Digital Transformation = “Change Management”
Unfortunately, “change management” is a massive buzzword. It’s one of those corporate words that doesn’t even mean anything anymore because it’s so overused and hackneyed.
That being said, “change management” is exactly the problem with most digital transformation attempts. With 70% of digital transformations failing, business really need to ask themselves “what does it take to succeed?”
To start with, you need to manage change correctly. In the age of digital transformation, more than half of businesses cite “change fatigue” as their most common frustration.
This is why we’re going to discuss the 6 reasons why change generates so much tension and the best practices to move from resistance to acceptance in your digital transformation.
1. Digital Transformation Causes Friction
Friction can seem like an abstract term in business. Really it just means anywhere in your business that things are running smoothly. As an example, customer experience is an area where friction really matters. 96% of customers expect a response within 5 minutes when they reach out to a business by phone. When you’re dealing with hundreds or thousands of customer service calls, any friction at all gets in the way of that 5 minute response time.
Let’s use cars as an example to illustrate the problem of friction and how to get around it.
We all want our vehicles to run smoothly. Those vehicles are made up of hundreds, if not thousands, of individual processes. When those processes are not working the way they should we have friction in the designed process.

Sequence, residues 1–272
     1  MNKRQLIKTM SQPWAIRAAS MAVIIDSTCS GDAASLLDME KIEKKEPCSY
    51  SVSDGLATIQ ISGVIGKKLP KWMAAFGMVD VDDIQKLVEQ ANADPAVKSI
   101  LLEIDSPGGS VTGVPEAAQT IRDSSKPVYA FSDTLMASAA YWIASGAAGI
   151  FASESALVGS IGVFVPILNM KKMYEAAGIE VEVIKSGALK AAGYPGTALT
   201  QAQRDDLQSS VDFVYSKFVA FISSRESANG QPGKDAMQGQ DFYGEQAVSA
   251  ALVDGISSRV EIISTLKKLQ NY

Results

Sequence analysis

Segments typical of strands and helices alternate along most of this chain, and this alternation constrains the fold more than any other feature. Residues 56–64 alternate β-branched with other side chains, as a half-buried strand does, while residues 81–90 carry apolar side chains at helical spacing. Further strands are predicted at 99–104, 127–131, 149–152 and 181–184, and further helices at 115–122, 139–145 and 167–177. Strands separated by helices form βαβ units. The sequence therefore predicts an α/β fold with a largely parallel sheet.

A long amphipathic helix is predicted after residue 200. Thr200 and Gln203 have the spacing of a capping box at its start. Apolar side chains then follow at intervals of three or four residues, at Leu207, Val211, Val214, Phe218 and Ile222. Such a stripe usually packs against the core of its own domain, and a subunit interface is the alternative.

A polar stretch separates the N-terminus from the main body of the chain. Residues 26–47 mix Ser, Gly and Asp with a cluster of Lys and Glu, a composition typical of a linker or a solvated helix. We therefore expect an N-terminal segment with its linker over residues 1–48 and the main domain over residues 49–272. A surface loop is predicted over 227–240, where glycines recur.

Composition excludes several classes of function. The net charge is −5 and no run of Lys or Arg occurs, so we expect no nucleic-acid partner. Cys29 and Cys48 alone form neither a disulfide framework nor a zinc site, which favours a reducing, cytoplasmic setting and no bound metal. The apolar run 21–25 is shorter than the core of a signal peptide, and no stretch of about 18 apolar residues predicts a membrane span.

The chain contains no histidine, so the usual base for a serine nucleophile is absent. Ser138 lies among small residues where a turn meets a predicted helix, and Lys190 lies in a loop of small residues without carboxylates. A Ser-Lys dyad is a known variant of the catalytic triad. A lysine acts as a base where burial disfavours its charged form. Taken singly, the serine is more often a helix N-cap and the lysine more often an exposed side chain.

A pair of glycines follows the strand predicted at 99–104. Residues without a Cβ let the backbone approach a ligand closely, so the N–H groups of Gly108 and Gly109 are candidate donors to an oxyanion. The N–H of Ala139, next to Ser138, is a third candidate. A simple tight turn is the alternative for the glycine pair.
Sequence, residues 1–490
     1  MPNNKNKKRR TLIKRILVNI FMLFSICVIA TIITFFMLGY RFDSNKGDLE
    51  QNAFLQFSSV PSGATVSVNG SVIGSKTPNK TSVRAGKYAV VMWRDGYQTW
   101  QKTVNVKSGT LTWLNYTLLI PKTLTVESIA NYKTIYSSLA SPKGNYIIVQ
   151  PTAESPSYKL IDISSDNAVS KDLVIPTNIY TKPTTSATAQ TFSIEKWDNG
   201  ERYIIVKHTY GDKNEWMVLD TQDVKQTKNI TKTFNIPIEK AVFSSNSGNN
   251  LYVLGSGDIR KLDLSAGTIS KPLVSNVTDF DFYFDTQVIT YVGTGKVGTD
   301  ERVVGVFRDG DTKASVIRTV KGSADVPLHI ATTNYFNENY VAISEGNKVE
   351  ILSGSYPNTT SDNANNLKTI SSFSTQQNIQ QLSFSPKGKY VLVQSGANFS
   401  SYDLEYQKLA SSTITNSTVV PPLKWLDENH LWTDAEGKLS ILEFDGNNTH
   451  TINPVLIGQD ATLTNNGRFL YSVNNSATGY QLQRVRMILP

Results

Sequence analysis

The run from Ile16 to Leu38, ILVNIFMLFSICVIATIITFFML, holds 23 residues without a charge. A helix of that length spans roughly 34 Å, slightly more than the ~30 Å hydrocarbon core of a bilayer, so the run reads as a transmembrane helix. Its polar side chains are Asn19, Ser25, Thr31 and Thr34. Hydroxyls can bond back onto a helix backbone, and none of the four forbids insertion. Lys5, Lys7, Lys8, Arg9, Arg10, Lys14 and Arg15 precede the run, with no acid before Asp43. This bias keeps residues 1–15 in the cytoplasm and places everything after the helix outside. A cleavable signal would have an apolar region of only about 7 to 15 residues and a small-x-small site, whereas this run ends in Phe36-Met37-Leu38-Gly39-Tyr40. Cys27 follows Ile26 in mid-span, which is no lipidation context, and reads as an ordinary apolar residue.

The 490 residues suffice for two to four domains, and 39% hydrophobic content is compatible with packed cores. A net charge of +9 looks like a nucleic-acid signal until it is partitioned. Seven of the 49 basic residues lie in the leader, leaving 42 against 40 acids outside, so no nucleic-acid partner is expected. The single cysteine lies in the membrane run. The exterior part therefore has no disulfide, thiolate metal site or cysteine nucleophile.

The appropriate reaction is that we should attempt to repair and/or remove the unnecessary friction restoring the performance of the vehicle, but all too often we simply turn up the radio, not listening to the indicators that something is wrong.
A common everyday example of this is when your vehicle begins to “squeal” as you are breaking. This is not only unnerving for you, but also everyone around you as well. Your natural desire is to get rid of the embarrassing noise so that you can drive in peace, but you are hampered by the fear that the repair is above your pay grade.
To eliminate that hurdle you must understand the process that is causing the noise. By starting with a simplistic overview you come to understand that the braking process on the car was causing friction. Expanding on this revealed that stepping on the brake pedal caused the brake pads to grip the brake disc to slow the vehicle. The brake pads were designed so that when they became worn to a certain level they would “squeal” to indicate that the pads needed to be replaced.
To replace the brake pads, the wheel and the caliper, which holds the brake pads, needed to be removed. After installing the new brake pads, the caliper and wheel could be replaced. Through basic attention to the “squealing”, the vehicle is running at its intended level of performance without the friction, which left unattended could have resulted in thousands of dollars worth of unnecessary repairs.